Review: The Blockchain Code, Part 5: Mining Bitcoin

This is Part 5 of a 7-part review of the book, The Blockchain Code, by Dave Kinsey. To read the previous installation, CLICK THIS LINK. For the next installation, CLICK THIS LINK. To start at the beginning, CLICK THIS LINK. Thanks for reading!

Mining Bitcoin

Click book cover to find on Amazon.

The Bitcoin program is designed to produce a new block in the blockchain approximately every 10 minutes. A new block reflects all the bitcoin transactions that have occurred throughout the world, by anyone doing business with Bitcoin, over the prior 10 minutes. And in an ideal world, the transactions in every new block, on every node throughout the vast network, will exactly match each other.

However, we don’t live in an ideal world. Transactions arrive at nodes at different times. Communications get interrupted. Computers have glitches. And so forth. So the end result, every 10 minutes, is thousands of unmatching new blocks that have been recorded on thousands of different nodes, throughout the world.

With all of these unmatching blocks, how does the Bitcoin program decide which block is the best block to accept as the next block to add to its super-long blockchain?

Bitcoin resolves this dilemma through a method called proof of work. It generates an extremely long, random number, called a nonce, and challenges all the miners at all the thousands of different nodes, to try to guess (or “hash”) the nonce. The miner that guesses correctly receives the honor of its block being the next added to the blockchain. And along with this, the miner is rewarded with bitcoin.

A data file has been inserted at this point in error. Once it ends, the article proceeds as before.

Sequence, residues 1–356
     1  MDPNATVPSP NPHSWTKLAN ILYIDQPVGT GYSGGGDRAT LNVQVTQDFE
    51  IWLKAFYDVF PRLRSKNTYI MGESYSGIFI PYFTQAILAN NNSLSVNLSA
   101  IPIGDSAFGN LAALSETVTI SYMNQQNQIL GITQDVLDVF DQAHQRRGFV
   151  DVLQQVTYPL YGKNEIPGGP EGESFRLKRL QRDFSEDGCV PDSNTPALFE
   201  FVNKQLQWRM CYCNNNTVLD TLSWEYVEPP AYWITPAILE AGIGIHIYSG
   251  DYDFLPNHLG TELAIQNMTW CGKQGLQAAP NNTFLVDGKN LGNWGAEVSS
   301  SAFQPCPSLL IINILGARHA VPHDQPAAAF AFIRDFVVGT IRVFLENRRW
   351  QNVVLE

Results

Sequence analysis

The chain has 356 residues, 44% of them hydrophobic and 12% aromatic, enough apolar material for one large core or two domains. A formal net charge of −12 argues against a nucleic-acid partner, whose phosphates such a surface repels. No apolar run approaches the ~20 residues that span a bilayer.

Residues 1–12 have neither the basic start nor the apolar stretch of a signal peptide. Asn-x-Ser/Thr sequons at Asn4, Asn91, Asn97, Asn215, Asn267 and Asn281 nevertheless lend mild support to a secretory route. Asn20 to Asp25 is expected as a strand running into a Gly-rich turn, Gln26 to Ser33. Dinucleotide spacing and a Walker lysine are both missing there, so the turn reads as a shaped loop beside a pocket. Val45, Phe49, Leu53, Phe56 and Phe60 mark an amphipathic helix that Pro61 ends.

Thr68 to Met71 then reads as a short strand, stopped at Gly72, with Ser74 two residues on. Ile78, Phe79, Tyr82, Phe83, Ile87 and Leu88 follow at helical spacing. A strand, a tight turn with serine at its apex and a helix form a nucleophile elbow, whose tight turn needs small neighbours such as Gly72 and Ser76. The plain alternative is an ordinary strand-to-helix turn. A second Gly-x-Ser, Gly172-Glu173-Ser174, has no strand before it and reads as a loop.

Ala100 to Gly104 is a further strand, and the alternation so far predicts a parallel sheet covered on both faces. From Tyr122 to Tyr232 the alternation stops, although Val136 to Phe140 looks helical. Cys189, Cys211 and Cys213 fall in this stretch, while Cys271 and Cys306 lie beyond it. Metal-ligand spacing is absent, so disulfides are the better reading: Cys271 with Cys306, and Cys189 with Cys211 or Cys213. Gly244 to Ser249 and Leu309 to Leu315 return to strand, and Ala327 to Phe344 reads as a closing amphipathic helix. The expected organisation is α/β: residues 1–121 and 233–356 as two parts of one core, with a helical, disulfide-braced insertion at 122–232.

It has been determined that 10 minutes is the ideal time interval for creating new blocks. So the Bitcoin program periodically adjusts the difficulty level of the nonce, so that that the average time it takes to guess it remains about 10 minutes. This adjustment is necessary as miners become more and more numerous, and more advanced in the technology they use, for quickly guessing the nonce.

The more powerful the mining equipment that a miner owns, the more likely that miner is to be the first who correctly guesses the nonce. Mining equipment consists of specialized computers with very powerful central processing units, that draw a very large amount of electricity.

These computers can guess numbers at an extremely rapid pace. Today, a bitcoin mining rig costing about $3,000 will generate over 100 trillion guesses per second. And these days, all of the miners in the world combined, on the estimated 50,000 node Bitcoin network, make about 190 quintillion guesses per second. Spread out over 10 minutes, that’s an average of 6.8 septillion total guesses, in an attempt to be the chosen node with the next blockchain block, and to be the one that wins the bitcoin.

By the way, Kinsey didn’t come up with the above figures. I had to look them up and also do some calculations. This is one criticism I have of his book, The Blockchain Code. Sometimes he didn’t get as specific as I would have liked, when diving into the nuts and bolts of the blockchain.

There’s much more to mining and creating new blocks than this, such as soft forks, hard forks (which create new types of cryptocurrencies), and the formidable Chinese mining company, Bitmain. But I’d have to write a book myself, if I wanted to get into all of that.